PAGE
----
Intravoxel incoherent motionΒΆ

The intravoxel incoherent motion (IVIM) model describes diffusion and perfusion in the signal acquired with a diffusion MRI sequence that contains multiple low b-values. The IVIM model can be understood as an adaptation of the work of Stejskal and Tanner [Stejskal65] in biological tissue, and was proposed by Le Bihan [LeBihan84]. The model assumes two compartments: a slow moving compartment, where particles diffuse in a Brownian fashion as a consequence of thermal energy, and a fast moving compartment (the vascular compartment), where blood moves as a consequence of a pressure gradient. In the first compartment, the diffusion coefficient is \(\mathbf{D}\) while in the second compartment, a pseudo diffusion term \(\mathbf{D^*}\) is introduced that describes the displacement of the blood elements in an assumed randomly laid out vascular network, at the macroscopic level. According to [LeBihan84], \(\mathbf{D^*}\) is greater than \(\mathbf{D}\).

The IVIM model expresses the MRI signal as follows:


where \(\mathbf{b}\) is the diffusion gradient weighing value (which is dependent on the measurement parameters), \(\mathbf{S_{0}}\) is the signal in the absence of diffusion gradient sensitization, \(\mathbf{f}\) is the perfusion fraction, \(\mathbf{D}\) is the diffusion coefficient and \(\mathbf{D^*}\) is the pseudo-diffusion constant, due to vascular contributions.

In the following example we show how to fit the IVIM model on a diffusion-weighteddataset and visualize the diffusion and pseudo diffusion coefficients. First, we import all relevant modules:

import matplotlib.pyplot as plt

from dipy.reconst.ivim import IvimModel
from import read_ivim

We get an IVIM dataset using DIPY‘s data fetcher read_ivim. This dataset was acquired with 21 b-values in 3 different directions. Volumes corresponding to different directions were registered to each other, and averaged across directions. Thus, this dataset has 4 dimensions, with the length of the last dimension corresponding to the number of b-values. In order to use this model the data should contain signals measured at 0 bvalue.

img, gtab = read_ivim()

The variable img contains a nibabel NIfTI image object (with the data) and gtab contains a GradientTable object (information about the gradients e.g. b-values and b-vectors). We get the data from img using read_data.

data = img.get_data()
print('data.shape (%d, %d, %d, %d)' % data.shape)

The data has 54 slices, with 256-by-256 voxels in each slice. The fourth dimension corresponds to the b-values in the gtab. Let us visualize the data by taking a slice midway(z=33) at \(\mathbf{b} = 0\).

z = 33
b = 0

plt.imshow(data[:, :, z, b].T, origin='lower', cmap='gray',

Heat map of a slice of data

The region around the intersection of the cross-hairs in the figure contains cerebral spinal fluid (CSF), so it so it should have a very high \(\mathbf{f}\) and \(\mathbf{D^*}\), the area between the right and left is white matter so that should be lower, and the region on the right is gray matter and CSF. That should give us some contrast to see the values varying across the regions.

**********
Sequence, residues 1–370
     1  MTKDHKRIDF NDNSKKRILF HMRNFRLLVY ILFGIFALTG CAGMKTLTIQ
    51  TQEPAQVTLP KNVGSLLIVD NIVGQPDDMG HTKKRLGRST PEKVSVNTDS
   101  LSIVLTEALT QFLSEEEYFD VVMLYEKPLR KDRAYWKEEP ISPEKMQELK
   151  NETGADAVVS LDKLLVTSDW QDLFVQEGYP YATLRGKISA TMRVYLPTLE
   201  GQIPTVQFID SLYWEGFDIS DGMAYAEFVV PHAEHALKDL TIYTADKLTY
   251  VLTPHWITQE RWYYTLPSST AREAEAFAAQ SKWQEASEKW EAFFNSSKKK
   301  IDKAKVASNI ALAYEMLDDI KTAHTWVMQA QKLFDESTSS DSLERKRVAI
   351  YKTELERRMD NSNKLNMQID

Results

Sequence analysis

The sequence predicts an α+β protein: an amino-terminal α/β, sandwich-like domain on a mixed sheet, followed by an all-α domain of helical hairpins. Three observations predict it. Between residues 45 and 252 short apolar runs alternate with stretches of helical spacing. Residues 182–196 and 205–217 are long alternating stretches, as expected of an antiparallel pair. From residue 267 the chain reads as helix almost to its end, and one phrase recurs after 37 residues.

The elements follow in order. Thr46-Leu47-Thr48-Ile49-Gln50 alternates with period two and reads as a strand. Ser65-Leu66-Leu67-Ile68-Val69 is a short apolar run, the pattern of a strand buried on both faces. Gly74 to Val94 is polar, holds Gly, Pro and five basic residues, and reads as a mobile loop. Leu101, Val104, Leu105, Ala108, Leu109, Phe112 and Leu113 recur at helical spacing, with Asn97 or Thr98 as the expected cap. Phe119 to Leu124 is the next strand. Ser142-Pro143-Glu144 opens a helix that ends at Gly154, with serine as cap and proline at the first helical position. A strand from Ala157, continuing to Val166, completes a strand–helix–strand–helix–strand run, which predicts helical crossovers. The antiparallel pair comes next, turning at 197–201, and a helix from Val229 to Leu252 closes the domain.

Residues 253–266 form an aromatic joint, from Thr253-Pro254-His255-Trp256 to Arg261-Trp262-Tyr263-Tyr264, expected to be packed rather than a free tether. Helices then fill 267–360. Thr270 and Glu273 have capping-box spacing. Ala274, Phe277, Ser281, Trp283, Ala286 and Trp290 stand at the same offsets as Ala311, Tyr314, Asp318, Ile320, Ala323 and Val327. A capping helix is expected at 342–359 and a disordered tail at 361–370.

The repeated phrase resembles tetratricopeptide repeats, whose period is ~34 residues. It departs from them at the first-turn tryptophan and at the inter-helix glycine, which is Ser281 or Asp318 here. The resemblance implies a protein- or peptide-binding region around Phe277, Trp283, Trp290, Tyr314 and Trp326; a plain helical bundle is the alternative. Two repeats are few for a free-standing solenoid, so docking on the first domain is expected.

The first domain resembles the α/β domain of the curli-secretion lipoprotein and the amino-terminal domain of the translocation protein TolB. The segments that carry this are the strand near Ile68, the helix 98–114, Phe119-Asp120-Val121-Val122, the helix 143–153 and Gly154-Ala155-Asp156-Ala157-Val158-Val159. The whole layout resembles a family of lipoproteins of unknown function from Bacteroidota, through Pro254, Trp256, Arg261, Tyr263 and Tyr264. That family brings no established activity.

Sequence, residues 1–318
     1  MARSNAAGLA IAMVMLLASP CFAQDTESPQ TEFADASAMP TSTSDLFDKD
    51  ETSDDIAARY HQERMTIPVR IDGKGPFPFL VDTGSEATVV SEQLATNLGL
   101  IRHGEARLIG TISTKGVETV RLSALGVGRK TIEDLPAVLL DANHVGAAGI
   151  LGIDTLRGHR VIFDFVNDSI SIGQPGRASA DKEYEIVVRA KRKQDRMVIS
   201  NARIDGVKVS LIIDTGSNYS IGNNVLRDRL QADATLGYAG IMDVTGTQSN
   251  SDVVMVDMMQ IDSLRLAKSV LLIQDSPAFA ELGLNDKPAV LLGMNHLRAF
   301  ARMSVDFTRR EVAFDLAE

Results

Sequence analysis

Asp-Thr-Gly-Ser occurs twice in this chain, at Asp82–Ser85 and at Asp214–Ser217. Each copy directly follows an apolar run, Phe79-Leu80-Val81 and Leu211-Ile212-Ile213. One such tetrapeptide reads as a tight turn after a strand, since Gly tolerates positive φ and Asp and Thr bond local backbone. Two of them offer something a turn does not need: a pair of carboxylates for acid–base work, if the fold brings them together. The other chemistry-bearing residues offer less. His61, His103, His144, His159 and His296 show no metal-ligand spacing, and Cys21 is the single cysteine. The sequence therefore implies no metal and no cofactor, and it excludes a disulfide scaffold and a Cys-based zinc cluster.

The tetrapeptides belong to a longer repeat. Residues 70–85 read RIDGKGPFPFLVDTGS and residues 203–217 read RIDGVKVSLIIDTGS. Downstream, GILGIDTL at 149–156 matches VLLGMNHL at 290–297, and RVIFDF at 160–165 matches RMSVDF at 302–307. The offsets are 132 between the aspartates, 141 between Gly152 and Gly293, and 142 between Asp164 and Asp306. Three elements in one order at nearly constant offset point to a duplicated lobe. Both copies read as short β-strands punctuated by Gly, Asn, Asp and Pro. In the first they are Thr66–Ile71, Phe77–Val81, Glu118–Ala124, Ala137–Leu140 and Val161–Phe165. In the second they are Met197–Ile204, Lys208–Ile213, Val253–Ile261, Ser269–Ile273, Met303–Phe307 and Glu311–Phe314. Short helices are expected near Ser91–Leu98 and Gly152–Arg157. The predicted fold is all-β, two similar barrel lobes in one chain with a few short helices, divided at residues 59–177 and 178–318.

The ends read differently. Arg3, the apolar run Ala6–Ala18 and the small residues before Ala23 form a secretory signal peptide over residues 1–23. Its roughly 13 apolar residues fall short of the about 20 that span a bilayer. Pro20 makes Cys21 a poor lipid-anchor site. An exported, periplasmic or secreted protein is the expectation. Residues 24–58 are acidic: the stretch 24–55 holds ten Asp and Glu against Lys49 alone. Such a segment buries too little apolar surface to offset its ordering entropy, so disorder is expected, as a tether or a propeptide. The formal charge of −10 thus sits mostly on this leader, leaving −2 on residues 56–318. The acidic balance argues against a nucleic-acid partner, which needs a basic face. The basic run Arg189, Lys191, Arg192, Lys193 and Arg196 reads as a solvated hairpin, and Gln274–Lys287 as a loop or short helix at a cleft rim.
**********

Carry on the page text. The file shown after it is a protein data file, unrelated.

x1, x2 = 90, 155
y1, y2 = 90, 170
data_slice = data[x1:x2, y1:y2, z, :]

plt.imshow(data[x1:x2, y1:y2, z, b].T, origin='lower',
           cmap="gray", interpolation='nearest')

Heat map of the CSF slice selected.

Now that we have prepared the datasets we can go forward with the ivim fit. Instead of fitting the entire volume, we focus on a small section of the slice as selected aboove, to fit the IVIM model. First, we instantiate the Ivim model. Using a two-stage approach: first, a linear fit used to get quick initial guesses for the parameters \(\mathbf{S_{0}}\) and \(\mathbf{D}\) by considering b-values greater than split_b_D (default: 400))and assuming a mono-exponential signal. This is based on the assumption that at high b-values the signal can be approximated as a mono exponential decay and by taking the logarithm of the signal values a linear fit can be obtained. Another linear fit for S0 (bvals < split_b_S0 (default: 200)) follows and f is estimated using \(1 - S0_{prime}/S0\). Then a non-linear least squares fitting is performed to fit D_star and f. If the two_stage flag is set to True while initializing the model, a final non-linear least squares fitting is performed for all the parameters using Scipy’s leastsq or least_square function depending on which Scipy version you are using. All initializations for the model such as split_b_D are passed while creating the IvimModel. If you are using Scipy 0.17, you can also set bounds by setting bounds=([0., 0., 0., 0.], [np.inf, 1., 1., 1.])) while initializing the IvimModel. It is recommeded that you upgrade to Scipy 0.17 since the fitting results might at times return values which do not make sense physically (for example, a negative \(\mathbf{f}\)).